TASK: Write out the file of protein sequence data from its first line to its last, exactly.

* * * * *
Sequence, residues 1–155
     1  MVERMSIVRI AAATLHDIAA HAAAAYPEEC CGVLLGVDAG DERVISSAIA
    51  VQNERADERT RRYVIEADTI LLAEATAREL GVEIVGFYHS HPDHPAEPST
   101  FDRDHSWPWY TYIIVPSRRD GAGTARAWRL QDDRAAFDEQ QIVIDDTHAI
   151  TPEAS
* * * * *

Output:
Sequence, residues 1–155
     1  MVERMSIVRI AAATLHDIAA HAAAAYPEEC CGVLLGVDAG DERVISSAIA
    51  VQNERADERT RRYVIEADTI LLAEATAREL GVEIVGFYHS HPDHPAEPST
   101  FDRDHSWPWY TYIIVPSRRD GAGTARAWRL QDDRAAFDEQ QIVIDDTHAI
   151  TPEAS